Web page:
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Why is the City of North Vancouver receiving housing targets?

City of North Vancouver Mayor Linda Buchanan says she is 'surprised' to be on the latest list, as her municipality has been one of the top for building new developments in B.C.
A construction worker handles a drill at a new development on 15th Street in North Vancouver. | Nick Laba / North Shore News

When you’ve been put on something that’s been dubbed the “naughty list,” you might expect to have done something wrong.

That could explain North Vancouver Mayor Linda Buchanan’s reaction to her city being included on the province’s next list of communities to receive housing targets.

On Tuesday, the City of North Vancouver was included among 20 municipalities identified by the B.C. government in “high-growth, high need regions.”

Until now, the majority of communities that have been slated for provincial housing quotas have been historically slow to approve new density. Those include the District of North Vancouver and th District of West Vancouver.

Meanwhile, North Van city has been approving rentals at a rapid click, outpacing many of its peers across the province.

“Given the City of North Vancouver and the province have built a collaborative relationship, and as the city has continued to meet housing targets in regional growth strategies, I am surprised that a provincial housing target has been ordered for my community,” Buchanan said in a statement posted to social media on Tuesday.

The mayor continued by stating that her city already has a responsible plan for growth.

“In my previous conversations with [Minister of Housing Ravi Kahlon], I have been very clear that the city’s growth cannot be scaled up as a result of ordering a housing target,” Buchanan said. “However, in the spirit of collaboration, we will continue to engage with the province on housing and infrastructure.”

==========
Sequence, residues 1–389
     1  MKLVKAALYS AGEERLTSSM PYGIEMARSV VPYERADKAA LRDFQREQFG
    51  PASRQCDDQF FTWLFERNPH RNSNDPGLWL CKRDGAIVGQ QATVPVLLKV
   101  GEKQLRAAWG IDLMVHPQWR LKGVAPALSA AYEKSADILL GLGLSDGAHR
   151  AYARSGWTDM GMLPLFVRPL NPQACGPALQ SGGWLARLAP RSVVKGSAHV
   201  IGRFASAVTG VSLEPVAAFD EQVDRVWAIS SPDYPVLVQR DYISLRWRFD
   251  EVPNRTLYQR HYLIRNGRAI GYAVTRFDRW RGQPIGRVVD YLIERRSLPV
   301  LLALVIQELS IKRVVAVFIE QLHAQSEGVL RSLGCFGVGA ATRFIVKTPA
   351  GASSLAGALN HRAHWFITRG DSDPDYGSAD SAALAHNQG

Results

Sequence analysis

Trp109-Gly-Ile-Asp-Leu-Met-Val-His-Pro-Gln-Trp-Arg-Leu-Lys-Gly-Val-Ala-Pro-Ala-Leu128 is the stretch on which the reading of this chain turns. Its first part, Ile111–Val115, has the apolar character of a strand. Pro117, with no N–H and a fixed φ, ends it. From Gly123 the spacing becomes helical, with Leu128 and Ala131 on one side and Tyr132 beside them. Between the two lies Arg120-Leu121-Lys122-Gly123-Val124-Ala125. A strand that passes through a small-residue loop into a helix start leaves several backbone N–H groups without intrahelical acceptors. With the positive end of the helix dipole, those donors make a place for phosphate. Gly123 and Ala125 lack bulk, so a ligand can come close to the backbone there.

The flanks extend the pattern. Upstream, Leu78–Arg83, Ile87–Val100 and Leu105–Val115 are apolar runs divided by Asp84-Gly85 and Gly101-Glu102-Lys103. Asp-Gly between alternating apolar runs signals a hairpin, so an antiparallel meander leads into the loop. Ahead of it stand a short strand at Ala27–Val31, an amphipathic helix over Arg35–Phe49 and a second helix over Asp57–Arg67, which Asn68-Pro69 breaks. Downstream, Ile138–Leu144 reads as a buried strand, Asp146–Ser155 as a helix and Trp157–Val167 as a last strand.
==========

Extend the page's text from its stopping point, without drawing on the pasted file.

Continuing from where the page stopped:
List includes some municipalities doing well on housing, minister says

In the provincial statement, Kahlon stated that the new list “includes communities that are doing well on housing and some that need to do more.”

The province will monitor and work with these 20 municipalities to achieve their targets, which will be announced this summer, according to the statement.

“Communities, such as the City of North Vancouver, Kelowna, New Westminster and the City of Langley, are demonstrating how local governments should respond to their growing needs and are taking even further actions to achieve their goals,” reads the statement.

But despite assurances, other municipal leaders balked at their inclusion on Tuesday’s list, including New Westminster Mayor Patrick Johnstone.

“Prioritizing New Westminster for new housing targets makes no sense when this city has spent more than a decade leading the region in meeting housing needs,” he said.

The provincial “naughty list” has received previous pushback on the North Shore as well. Most recently, District of North Vancouver council pointed out that it’s already on track to meet or exceed provincial quotas.

“I remain at a loss to know why we were singled out in such a prominent way for this housing order when what was mandated upon us … is actually to produce less housing than we have been,” said Coun. Jim Hanson at a meeting Monday evening.